In 2016, orders fell by 5 percent to $33.4 billion, which was $2 billion less than the year before and near $8 billion less than 2013. In the three months ending 2017, orders fell 8.4 percent (9 percent lower in dollar terms compared with a year earlier); orders fell 17 percent in its Power Grids division. Needless to say, shareholders, especially activist investor Cevian Capital (6.2 percent of ABB’s stock), were unhappy with those numbers.

It’s becoming increasingly evident to everyone at ABB that the future belongs to the Discrete and Process Automation divisions (motors, generators, drives, power electronics and robotics; and integrated control products and systems). In short, automation products and solutions that increase industrial productivity and energy efficiency.

Those divisions, according to Reuters, “accounted for 45 percent or about $15.3 billion of the revenue in 2016. In fact, automation has consistently accounted for over 40 percent of the revenue since 2008.”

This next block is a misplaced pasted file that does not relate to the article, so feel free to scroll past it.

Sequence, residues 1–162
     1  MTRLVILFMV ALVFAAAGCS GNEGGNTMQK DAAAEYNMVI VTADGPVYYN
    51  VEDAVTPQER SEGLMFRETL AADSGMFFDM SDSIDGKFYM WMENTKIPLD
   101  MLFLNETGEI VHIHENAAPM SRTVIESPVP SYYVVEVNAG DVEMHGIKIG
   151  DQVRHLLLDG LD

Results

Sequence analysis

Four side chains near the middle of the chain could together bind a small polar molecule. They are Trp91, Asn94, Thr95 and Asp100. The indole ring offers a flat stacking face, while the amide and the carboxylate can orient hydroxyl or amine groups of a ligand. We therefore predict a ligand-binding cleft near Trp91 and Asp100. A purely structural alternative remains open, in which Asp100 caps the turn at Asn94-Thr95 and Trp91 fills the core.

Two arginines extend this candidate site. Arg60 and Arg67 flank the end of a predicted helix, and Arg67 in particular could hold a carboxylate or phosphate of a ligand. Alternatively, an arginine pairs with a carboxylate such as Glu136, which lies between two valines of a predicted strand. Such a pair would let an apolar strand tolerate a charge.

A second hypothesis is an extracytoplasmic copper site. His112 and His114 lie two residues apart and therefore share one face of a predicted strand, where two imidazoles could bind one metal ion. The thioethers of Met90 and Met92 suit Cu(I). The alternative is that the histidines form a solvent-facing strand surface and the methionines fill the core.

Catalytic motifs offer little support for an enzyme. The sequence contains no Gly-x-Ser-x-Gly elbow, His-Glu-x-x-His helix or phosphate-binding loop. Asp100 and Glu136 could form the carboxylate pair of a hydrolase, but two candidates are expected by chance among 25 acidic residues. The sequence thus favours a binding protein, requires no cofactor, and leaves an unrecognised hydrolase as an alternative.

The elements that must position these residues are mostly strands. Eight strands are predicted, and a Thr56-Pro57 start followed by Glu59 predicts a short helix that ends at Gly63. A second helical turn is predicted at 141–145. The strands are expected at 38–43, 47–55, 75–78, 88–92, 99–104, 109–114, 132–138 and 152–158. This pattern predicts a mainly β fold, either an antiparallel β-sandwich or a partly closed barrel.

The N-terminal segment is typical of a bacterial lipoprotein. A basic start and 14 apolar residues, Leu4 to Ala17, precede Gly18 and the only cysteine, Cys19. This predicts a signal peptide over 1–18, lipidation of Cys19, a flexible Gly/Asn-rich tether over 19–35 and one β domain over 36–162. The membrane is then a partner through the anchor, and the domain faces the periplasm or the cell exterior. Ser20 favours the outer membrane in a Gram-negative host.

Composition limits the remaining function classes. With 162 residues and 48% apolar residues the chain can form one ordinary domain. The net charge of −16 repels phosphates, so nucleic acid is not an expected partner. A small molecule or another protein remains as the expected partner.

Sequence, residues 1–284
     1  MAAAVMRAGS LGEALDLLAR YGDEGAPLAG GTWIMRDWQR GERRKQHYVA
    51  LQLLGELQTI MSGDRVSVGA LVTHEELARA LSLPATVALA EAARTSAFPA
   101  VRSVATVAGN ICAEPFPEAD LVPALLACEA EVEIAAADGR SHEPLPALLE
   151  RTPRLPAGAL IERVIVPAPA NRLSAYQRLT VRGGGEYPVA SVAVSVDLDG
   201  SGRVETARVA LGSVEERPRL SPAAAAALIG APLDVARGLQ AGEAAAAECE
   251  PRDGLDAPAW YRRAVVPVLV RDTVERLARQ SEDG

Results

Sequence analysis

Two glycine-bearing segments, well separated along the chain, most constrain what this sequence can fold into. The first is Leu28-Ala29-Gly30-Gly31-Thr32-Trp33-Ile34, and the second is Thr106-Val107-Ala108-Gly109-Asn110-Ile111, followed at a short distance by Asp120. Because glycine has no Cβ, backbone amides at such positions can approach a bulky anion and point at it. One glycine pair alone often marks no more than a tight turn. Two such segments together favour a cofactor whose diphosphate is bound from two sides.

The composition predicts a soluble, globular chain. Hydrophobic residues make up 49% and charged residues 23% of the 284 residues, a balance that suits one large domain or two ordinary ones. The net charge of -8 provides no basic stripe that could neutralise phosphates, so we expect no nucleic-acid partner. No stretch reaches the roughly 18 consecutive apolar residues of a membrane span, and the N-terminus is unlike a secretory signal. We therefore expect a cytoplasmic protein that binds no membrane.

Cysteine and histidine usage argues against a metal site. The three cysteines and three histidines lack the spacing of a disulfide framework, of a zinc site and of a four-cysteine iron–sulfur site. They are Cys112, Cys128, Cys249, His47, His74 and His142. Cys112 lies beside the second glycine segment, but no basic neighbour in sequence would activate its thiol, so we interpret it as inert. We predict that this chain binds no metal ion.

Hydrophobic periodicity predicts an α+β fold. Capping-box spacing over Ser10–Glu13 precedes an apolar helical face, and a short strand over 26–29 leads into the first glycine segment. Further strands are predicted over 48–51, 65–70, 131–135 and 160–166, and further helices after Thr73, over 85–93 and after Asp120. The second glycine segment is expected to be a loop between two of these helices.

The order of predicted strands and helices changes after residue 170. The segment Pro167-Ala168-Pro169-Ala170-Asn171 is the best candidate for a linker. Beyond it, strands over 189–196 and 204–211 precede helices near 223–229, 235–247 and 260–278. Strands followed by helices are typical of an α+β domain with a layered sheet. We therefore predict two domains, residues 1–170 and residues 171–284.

Going forward, much more can be wrought from ABB automation as the Industrial Internet of Things and Factory 4.0 crank up the intensity. But to do so, ABB will need to expand more broadly.

According to Per Vegard Nerseth, managing director at ABB robotics, the company’s global robotics footprint is skewed toward Europe (59%); Asia (23%) principally East Asia; and the Americas (18%).

The two largest economies on the planet, two major zones of enormous, future IIoT activity, are basically underserved by ABB robotics. Likewise are Southeast Asia (principally the ASEAN), and then of course, India.

That’s a first-class formula for making yourself irrelevant in the robot revolution.

For ABB, the Americas seem to be wide open to automation initiatives; Asia less so, except for the ASEAN and India, which are wide open for any automation vendor with a good plan, emphasis on good.

To help ensure that it’s a leader in automation, ABB poached Siemens executive, Sami Atiya, to serve as new head of the Discrete Automation and Motion Division. Reuters reports that on Atiya’s shoulders rests the resurgence of an “automation division, where profit margins have shrunk amid sluggish demand for the unit’s motors, drives and factory robots.”